your internet resource on facebook on twitter on Google+ on soundcloud
phone: 202 630 8439
Native American Bank - Native people investing in Native communities
Advertise on Indianz.Com
Home > News > Headlines
Print   Subscribe
Review finds background checks lacking at BIA schools
Monday, July 21, 2008
Filed Under: Education | Law

Employees at schools within the Bureau of Indian Affairs system are being hired without going through all of the background checks, according to a recent investigation.

Federal law requires BIA employees who come in contact with Indian children to undergo an FBI fingerprint check and a character check every five years. For schools that are managed directly by tribes, employees must undergo a background check and meet standards that are "no less stringent" than the BIA's.

But a random sampling by the Interior Department's Inspector General found that two percent of employees at schools run by the BIA had no security file and 76 percent had "material" errors in their file. The situation had actually "worsened" since 2004, when the last review was conducted, the OIG said.

"Material errors in the investigations included lack of required FBI fingerprint checks, absence of character background checks, and absence of reinvestigations for employees with over 5 years on the job," the report stated.

Based on the sampling, the OIG concluded that six percent of employees failed to undergo a fingerprint check and five percent failed to undergo a criminal background check. Of those on the job more than five years, 60 percent were not reinvestigated, as required by law.

At schools managed by tribes, the situation was actually worse. More than half of the employees were hired before the FBI fingerprint check concluded.

"Of these employees, 73 percent were later found to have a criminal record," the report said.

At the Santa Fe Indian School, which is managed by the 19 Pueblo tribes in New Mexico, the OIG sampled 30 employee records. All of them were hired without a review of their employment history or their references, and only half of them underwent a fingerprint check.

Of those that did undergo a fingerprint check, 11 percent were hired before the check cleared. Four of them turned out to have criminal records, according to the report, which was made public after an assistant girls basketball coach resigned over alleged sexual contact with a teen player. The BIA has recommended federal charges against the former coach.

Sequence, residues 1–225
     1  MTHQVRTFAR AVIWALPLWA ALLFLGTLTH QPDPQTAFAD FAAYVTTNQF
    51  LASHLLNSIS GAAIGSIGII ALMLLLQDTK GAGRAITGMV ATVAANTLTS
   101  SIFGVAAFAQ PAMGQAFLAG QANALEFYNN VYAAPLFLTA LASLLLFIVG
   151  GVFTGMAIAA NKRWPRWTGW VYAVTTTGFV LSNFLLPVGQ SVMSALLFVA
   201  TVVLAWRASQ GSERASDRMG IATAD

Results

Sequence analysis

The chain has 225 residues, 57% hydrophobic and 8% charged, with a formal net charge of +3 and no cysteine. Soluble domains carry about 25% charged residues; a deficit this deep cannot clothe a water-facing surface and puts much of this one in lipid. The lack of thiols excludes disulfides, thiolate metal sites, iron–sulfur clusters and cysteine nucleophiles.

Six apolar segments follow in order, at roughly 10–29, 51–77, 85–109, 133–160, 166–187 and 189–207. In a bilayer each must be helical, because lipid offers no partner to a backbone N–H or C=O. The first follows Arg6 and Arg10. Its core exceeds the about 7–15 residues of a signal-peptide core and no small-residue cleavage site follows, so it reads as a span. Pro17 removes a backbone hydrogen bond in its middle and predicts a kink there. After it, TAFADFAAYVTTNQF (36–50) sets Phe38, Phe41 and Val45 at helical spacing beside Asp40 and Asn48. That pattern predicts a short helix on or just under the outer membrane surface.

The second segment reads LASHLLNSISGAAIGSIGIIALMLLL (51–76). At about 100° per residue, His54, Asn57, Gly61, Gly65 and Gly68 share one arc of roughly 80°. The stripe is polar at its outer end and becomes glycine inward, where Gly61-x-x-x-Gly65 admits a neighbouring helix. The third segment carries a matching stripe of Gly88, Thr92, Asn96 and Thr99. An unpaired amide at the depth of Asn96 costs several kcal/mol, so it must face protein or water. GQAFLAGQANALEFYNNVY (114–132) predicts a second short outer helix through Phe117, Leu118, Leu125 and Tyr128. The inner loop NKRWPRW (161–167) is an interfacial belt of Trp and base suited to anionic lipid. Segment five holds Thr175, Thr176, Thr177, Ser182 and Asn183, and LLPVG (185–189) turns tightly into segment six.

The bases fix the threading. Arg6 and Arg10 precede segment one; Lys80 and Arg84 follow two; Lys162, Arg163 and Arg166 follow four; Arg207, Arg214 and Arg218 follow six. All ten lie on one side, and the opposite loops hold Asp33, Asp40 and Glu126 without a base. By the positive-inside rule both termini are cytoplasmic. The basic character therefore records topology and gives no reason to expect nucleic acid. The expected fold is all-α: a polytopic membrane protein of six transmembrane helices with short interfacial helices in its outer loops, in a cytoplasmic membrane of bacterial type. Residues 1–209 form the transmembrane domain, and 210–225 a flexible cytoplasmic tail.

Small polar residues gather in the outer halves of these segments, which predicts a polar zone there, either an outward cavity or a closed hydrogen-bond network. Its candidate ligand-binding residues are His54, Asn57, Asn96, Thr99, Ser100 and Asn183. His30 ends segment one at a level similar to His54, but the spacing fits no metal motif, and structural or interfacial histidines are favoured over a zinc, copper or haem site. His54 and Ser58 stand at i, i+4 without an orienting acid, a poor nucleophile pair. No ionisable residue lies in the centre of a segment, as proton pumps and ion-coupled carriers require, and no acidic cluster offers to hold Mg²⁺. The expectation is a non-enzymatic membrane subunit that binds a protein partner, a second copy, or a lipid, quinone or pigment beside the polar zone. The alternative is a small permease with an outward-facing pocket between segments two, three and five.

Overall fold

The OIG commended the schools for their response to the findings, saying many of them took action after being told of problems. The BIA also agreed to implement all of the report's recommendations, which included a "100 percent" review of employees at schools run directly by tribes.

According to FBI data cited in the report, the FBI initiated 1,658 investigations and made 537 arrests in Indian child sexual abuse matters in fiscal years 2003 through 2006. During the same period, the FBI initiated 134 investigations and made 39 arrests in Indian child physical abuse matters.

"This represented approximately 30 percent of all FBI investigations in Indian Country during that period," the OIG noted.

The Interior Department isn't the only agency that has raised concerns about the safety of Indian children. In 2006, the Department of Health and Human Services cut all Head Start funding to the Navajo Nation after finding out that no background checks were conducted on employees from 2001 to 2005.

"In October 2005, the Head Start program finally ran FBI fingerprint checks for approximately 81 percent of its employees. This check identified that approximately 16 percent of the employees had criminal records. The criminal records included first degree murder, assault, child abuse, driving under the influence, and other violent crimes, making them clearly unsuitable to work with Indian children," the OIG stated.

Get the Report:
Final Audit Report, Bureau of Indian Education Background Investigations (April 2008)